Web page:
Scleractinians were preceded in geological history by a range of other reef building organisms discussed further in Reefs. The first organisms that might be called scleractinians are known from Palaeozoic fossils found in China and Scotland, but the earliest proliferation of organisms that were clearly ancestral Scleractinia are Middle Triassic and consisted of at least seven, but possibly nine, suborders. These corals did not build reefs; they were small solitary or phaceloid organisms of the shallow Tethys Sea of southern Europe and Indo-China.
Evolution of the Scleractinia since that time some 200 mya is intimately linked with large-scale geo-tectonic movements and related changes in ocean currents. These in turn influenced global climate, along with other intrinsic (biospheric draw-down and release of greenhouse gases) and extrinsic (Milankovitch cycles) drivers.
Of particular importance for scleractinian corals over much of their evolutionary history was the pan-tropical Tethys Sea, separating Gondwana in the south from Laurasia in the north.
During the Middle and Late Triassic, corals became widespread throughout the Tethys region and their fossils are now found around much of the equatorial Panthalassa Ocean rim. There was a time interval of 20-25 million years between the earliest Triassic corals and the earliest widespread coral reefs. Most noteworthy is that Triassic corals had a wide range of skeletal micro-structures, suggesting that any common ancestry would have been remote. Nevertheless, Triassic corals were not the ecological equivalents of modern corals; corallites were large and poorly integrated so that phacelloid growth forms (where branches are composed of individual corallites) were dominant.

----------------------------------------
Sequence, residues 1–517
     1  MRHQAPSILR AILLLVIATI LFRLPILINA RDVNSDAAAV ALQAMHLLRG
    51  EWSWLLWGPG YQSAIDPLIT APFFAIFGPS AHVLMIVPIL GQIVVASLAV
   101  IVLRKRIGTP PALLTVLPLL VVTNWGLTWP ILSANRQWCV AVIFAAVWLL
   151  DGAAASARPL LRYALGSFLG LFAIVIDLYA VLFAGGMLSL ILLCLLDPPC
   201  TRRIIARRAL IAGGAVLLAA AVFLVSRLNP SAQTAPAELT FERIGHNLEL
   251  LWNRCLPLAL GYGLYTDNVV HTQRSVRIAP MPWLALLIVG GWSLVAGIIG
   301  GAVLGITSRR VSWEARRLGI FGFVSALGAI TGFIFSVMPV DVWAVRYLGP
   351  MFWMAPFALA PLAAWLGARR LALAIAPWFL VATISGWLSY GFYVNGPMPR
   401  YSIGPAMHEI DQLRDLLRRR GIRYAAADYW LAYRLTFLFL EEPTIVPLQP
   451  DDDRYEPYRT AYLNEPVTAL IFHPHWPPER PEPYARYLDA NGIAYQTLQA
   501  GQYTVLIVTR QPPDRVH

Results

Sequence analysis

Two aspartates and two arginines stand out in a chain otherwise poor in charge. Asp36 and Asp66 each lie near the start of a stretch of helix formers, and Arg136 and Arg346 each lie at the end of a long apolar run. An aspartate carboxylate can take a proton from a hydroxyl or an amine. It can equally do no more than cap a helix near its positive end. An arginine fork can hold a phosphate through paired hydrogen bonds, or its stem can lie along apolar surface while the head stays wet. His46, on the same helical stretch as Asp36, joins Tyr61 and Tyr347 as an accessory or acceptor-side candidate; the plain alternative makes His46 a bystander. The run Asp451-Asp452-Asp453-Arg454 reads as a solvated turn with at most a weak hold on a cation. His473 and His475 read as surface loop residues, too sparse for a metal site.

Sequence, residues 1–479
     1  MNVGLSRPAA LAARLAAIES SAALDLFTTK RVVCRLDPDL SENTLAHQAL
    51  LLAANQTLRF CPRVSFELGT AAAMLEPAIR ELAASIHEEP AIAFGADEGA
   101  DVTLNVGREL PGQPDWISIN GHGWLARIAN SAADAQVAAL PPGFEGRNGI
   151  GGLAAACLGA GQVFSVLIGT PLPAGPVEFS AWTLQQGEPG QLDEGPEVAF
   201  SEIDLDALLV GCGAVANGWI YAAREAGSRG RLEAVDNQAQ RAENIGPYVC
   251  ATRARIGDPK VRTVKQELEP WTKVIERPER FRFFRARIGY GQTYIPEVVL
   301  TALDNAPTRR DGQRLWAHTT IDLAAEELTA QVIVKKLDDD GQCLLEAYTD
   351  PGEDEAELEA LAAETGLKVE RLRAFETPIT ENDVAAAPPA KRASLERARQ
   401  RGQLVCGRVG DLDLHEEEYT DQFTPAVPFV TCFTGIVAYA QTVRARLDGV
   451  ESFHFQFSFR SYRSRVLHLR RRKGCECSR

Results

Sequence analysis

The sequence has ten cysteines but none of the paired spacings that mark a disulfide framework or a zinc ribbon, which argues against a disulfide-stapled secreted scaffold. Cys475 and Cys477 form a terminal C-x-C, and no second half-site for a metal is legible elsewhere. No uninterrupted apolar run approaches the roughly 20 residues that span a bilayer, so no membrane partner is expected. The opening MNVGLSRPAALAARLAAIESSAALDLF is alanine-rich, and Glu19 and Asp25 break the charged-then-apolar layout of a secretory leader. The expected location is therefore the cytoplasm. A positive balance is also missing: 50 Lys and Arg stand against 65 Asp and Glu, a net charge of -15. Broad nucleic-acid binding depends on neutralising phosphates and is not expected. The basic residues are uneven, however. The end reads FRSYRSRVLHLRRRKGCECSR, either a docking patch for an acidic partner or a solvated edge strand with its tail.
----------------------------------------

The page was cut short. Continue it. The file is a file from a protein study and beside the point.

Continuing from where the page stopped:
There was a 6-8 million year hiatus between the collapse of Triassic reef development some 202 mya, and the onset of Jurassic reefs, a time of origin of many new scleractinian families. The Late Jurassic was probably the all-time global maximum of Mesozoic coral diversity with at least 150 genera recorded in the European Tethys and 51 in the Panthalassa. Palaeobiogeographic provinces can be recognised which reflect continental plate movements, especially the increasing width of the Protoatlantic. By the Late Jurassic some 150 mya the palaeobiogeographic pattern that had developed was the precursor to the pattern that persisted into the Coenozoic. It was dominated by massive reef development throughout the Tethys, the Atlantic, and also the far eastern Panthalassa. The vast expanse of the eastern Panthalassa was probably a barrier to east-west dispersion, just as the far eastern Pacific is today.
A high proportion of the families of extant Scleractinia have their origins in the Middle to Late Jurassic. For most, the fossil record is not clear and thus there are few links between the main branches of the Family Tree. The Jurassic was the time of the proliferation if not origin of two of the most major groups of corals, the Fungiina and the Faviina. The Fungiina dominated much of the Jurassic as well as the Cretaceous. As a group it was greatly diminished by the end-Cretaceous and the families attributed to it today have uncertain affinities. The Faviina, on the other hand, are a well-defined group and the Faviidae have remained a major family for 150 million years.
It is worth noting that various molecular genetic phylogenies of the Scleractinia have been published in recent years. These present a range of evolutionary scenarios for the reef-building and azooxanthellate corals, particularly relations between suborders and families, and remain to be finalized.
Early Cretaceous corals are broadly similar to those of the Late Jurassic. However, relatively little is known of the Middle Cretaceous corals. The continuity of families is largely due to extrapolations between Early and end-Cretaceous fauna, with poorly-known families omitted. This is because, by Middle Cretaceous, reefs worldwide had become dominated by rudist bivalves and environmental perturbations greatly affected reef development. It was not until the very late Cretaceous, following an unexplained total extinction of the rudists that corals returned to a position of dominance. At this time reefs probably again occurred worldwide, but there are few remains of them today.
One-third of all families and over 70% of all genera became completely extinct at or near the end-Cretaceous boundary some 65 mya. The Faviidae and the Caryophylliidae are the only families that were major components of Mesozoic reefs and that also proliferated in the Coenozoic.